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LATE REGGAE icon Smiley Culture’s family has gathered at his grave to mark the first anniversary of his death.
The Cockney Translation singer, whose real name was David Emmanuel, died under controversial circumstances during a police raid at his Surrey home on March 15 last year.
Earlier today (March 15), Smiley Culture’s nephew, Merlin Emmanuel said he and other family members visited the grave and then gathered for dinner and to share memories of him.
“We will remember his life rather than focus on his death,” he said.
Police claimed Smiley Culture stabbed himself with a kitchen knife during the 2011 police raid but Smiley’s Culture relatives and several voice readers have rejected this view. Angry over his death, hundreds of protesters also marched through London to gather outside London police headquarters, Scotland Yard, on April 16, 2011. They called for action over deaths in police custody.
Last September, after investigating cops' actions during Smiley’s death, police watchdog the Independent Police Complaints Commission (IPCC) said officers involved in a raid that pre-empted the reggae singer’s death would not face any disciplinary action.
Emmanuel told The Voice: “We are coping. We are a resilient people.
Obviously, if we thought we had been accorded some kind of justice we would feel a little bit better. But even justice itself can’t bring Smiley back through the door so it is what it is. We miss him and the circumstances under which he died compounds the reality (for) the worse.”
MARCHING FOR JUSTICE: Merlin Emmanuel (centre) is joined by campaigners and other families who have lost loved ones in police custody as he marched to London police headquarters, Scotland Yard, on April 16 last year in protest of Smiley Culture's death. Pic: PA.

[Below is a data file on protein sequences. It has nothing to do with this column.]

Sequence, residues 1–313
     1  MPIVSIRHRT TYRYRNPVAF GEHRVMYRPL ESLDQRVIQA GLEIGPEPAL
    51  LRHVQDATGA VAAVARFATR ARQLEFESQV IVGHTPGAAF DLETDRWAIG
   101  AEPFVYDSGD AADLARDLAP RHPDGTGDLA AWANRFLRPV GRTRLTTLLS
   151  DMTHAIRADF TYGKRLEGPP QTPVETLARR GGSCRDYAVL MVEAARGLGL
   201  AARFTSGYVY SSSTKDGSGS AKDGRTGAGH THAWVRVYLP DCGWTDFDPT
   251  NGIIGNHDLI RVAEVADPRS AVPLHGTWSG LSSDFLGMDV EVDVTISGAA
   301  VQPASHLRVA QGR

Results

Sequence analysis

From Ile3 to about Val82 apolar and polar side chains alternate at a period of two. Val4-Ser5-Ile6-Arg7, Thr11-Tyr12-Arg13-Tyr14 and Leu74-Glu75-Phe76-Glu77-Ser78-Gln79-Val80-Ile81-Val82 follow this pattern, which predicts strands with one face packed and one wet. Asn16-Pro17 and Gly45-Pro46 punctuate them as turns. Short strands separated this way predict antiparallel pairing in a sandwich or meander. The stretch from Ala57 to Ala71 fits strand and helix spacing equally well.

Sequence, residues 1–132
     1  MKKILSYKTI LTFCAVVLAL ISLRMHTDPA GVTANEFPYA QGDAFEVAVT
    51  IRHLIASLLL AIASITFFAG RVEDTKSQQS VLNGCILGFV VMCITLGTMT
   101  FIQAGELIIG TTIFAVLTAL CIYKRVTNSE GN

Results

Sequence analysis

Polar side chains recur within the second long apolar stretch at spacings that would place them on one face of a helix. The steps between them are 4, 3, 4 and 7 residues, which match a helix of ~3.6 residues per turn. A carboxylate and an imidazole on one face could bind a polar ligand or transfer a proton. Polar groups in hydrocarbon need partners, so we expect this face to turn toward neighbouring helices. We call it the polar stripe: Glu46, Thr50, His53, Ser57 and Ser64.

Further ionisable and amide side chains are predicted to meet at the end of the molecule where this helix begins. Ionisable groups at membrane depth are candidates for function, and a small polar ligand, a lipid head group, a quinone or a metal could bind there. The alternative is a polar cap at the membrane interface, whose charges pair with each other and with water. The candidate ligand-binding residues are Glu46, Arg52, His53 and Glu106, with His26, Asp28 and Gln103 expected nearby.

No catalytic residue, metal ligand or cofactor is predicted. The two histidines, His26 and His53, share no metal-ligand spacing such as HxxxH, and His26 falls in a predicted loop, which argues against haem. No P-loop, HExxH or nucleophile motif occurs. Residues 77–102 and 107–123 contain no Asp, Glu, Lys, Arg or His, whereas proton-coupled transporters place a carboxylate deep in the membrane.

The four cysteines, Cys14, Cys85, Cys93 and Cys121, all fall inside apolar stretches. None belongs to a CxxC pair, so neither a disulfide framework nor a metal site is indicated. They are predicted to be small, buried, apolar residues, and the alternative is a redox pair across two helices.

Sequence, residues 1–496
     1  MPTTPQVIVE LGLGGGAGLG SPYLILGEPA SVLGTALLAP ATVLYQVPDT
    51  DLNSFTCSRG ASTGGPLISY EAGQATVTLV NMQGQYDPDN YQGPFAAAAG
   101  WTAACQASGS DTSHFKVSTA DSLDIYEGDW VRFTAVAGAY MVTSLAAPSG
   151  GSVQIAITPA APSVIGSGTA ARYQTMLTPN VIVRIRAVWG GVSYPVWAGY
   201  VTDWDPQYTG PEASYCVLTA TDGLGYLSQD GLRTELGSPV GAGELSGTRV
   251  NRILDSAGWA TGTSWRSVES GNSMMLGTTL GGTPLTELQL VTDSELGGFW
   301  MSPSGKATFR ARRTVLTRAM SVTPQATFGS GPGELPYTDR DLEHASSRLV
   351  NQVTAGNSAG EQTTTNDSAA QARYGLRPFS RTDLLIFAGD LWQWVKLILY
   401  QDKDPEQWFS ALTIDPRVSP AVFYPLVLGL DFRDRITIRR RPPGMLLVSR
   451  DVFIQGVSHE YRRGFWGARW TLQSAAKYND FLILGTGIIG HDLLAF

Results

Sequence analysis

Emmanuel said the family has not had the heart to remind Smiley’s frail elderly mother about the one-year anniversary of his death.
But he said family members were working with others and were nearly ready to open a service to help other grieving families.
“Campaign for Justice (which) is an organisation I am setting up on behalf of Smiley and all those who have lost loved ones in police custody is almost concluded,” he said. “There’s going to be a website and a 24-hour service that provides counselling, emotional support and legal advice and campaign awareness initiatives for those who have lost loved ones in police custody…within a couple of months.”
Emmanuel said he has already secured a building for the centre and has received support pledges from volunteers from legal and other circles. “We’ll soon be there, certainly by May,” he said.
Emmanuel said the death of Smiley Culture has also helped bring campaigning families and campaigning groups even closer together.
“A lot of good things are happening through Smiley’s death. We’re still pulling and tugging at the walls of the IPCC and a lot of progress has been made in that regard.”
In a letter to family of the late musician last year, IPCC commissioner Mike Franklin wrote: ‘On this occasion the investigation has identified aspects of the operation which were not satisfactory, and criticism has been made of some of the officers' actions.
‘However, these do not meet the threshold for misconduct under the police misconduct system.’
He said no evidence was found “which would suggest any criminal acts were committed by any of the officers in the house" and, therefore, had no grounds to refer the case to the Crown Prosecution Service (CPS).
Emmanuel and others have called for a public inquiry into deaths in custody and the reform of the IPCC.